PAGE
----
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We need open primaries in Georgia because the elected officials are entrenched while Atlanta and D.C. could use some new blood.  Evidently, protecting jobs (their jobs) is their main concern and both major political parties support the current funky system.

So, a candidate who has support from various sections of the community must first win his or her primary before advancing to the general election in November.  Well, they draw this district lines in a way that favors their team—Democrats and Republicans both do it.  The Voting Rights Act of 1965 requires preclearance of congressional and state legislature district lines in some states to improve the representation of minority voters.  A strange twist is that packing Black voters into a few districts makes adjacent districts so Republican that Black voters (often Democrats) are ignored.  Yes, we could have a sizeable number of Black Republicans if the crazy part of the GOP didn’t run them off.

Ask yourself: Is race, political party or regional interests most important to you when voting.  Do you necessarily need a Black politician to serve your needs?  Is green (money) the most important color while voting?  Hey, the homeboy Bill Clinton gets a lifetime hood pass but he dam near got it revoked for taking trash about Obama during the Obama/Hillary primary battle.  While I love the Obamas, Bill will always be my dude.. without regard for race, creed or national origin.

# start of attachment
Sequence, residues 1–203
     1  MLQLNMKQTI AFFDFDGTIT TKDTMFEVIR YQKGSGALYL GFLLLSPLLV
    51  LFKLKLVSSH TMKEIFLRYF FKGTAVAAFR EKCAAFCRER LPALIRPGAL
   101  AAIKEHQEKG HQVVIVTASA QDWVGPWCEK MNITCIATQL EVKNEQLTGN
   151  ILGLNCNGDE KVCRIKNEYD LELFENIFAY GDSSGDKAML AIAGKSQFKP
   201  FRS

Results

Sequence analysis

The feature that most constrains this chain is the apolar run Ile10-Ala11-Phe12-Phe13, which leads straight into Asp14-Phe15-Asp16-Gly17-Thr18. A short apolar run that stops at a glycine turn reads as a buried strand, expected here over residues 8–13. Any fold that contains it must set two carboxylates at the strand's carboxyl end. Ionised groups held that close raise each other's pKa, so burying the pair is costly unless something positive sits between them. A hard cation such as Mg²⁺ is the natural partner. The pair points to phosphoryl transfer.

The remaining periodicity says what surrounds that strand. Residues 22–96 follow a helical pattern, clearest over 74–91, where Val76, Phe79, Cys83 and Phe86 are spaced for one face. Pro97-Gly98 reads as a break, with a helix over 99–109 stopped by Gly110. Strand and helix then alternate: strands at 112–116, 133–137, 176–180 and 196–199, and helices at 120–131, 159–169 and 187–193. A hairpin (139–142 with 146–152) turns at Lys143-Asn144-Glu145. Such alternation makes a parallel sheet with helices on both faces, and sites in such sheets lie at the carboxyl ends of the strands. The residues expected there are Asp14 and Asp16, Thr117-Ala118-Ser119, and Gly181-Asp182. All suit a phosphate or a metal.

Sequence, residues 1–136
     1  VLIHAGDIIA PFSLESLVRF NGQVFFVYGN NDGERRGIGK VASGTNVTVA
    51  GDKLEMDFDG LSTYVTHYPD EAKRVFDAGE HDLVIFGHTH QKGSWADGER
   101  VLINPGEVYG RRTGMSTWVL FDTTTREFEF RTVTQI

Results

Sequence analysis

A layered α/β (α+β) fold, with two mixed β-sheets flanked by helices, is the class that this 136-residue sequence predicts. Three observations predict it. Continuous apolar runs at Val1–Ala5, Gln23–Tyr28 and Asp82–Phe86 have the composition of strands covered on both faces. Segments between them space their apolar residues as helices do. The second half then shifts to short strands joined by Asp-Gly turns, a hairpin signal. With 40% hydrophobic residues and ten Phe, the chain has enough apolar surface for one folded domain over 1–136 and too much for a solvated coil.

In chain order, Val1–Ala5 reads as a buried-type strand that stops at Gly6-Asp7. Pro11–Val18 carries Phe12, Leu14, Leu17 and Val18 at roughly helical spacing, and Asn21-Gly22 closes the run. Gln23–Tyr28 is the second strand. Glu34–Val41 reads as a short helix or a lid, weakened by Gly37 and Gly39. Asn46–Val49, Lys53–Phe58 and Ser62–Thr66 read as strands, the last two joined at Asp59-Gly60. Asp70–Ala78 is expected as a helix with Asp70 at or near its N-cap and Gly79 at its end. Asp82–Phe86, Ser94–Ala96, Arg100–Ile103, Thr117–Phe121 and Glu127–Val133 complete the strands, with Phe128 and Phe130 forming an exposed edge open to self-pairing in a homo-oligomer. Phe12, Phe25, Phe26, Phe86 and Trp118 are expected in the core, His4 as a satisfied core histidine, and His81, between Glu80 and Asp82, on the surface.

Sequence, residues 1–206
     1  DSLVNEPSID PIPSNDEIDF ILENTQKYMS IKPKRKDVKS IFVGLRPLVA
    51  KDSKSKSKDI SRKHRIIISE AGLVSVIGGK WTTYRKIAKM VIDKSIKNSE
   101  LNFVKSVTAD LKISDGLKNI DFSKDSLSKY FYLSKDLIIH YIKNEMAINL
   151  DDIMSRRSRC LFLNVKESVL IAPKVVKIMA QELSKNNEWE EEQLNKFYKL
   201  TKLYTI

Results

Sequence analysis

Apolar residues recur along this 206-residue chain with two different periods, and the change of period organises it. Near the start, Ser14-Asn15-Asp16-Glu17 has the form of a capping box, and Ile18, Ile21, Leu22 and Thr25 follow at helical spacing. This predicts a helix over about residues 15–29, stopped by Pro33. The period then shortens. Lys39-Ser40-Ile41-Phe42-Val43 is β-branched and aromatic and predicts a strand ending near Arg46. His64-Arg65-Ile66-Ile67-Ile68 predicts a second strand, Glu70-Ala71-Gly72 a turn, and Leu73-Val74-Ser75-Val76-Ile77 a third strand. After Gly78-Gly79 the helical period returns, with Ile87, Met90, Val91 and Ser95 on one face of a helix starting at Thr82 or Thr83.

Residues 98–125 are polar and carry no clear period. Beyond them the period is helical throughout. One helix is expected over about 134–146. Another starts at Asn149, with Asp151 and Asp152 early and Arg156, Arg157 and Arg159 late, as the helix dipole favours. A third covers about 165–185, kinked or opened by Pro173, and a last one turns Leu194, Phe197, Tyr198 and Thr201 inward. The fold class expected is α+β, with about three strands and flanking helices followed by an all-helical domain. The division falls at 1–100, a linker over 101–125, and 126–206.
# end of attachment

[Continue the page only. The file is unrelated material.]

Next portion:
When Herman Cain was running for the U.S. Senate, everyone knew that he could have gotten a sizeable part of the Black vote in an open primary process.  In an open primary, candidates run together and the top two vote-getters face off in the general election.  That is similar to local elections when everyone runs for office together and a candidate wins with over 50% of the vote.  If no 50%, the two top candidates meet in a runoff.

Many believe that Karen Handel would have face Nathan Deal in November if Georgia had an open primary during the last govenor’s race.  She would have likely won because she would have received support from some Democrat woman.  Look, the South is GOP and I get that but if given a chance, I would and have voted for the GOP candidate whose views are most similar to my moderate positions.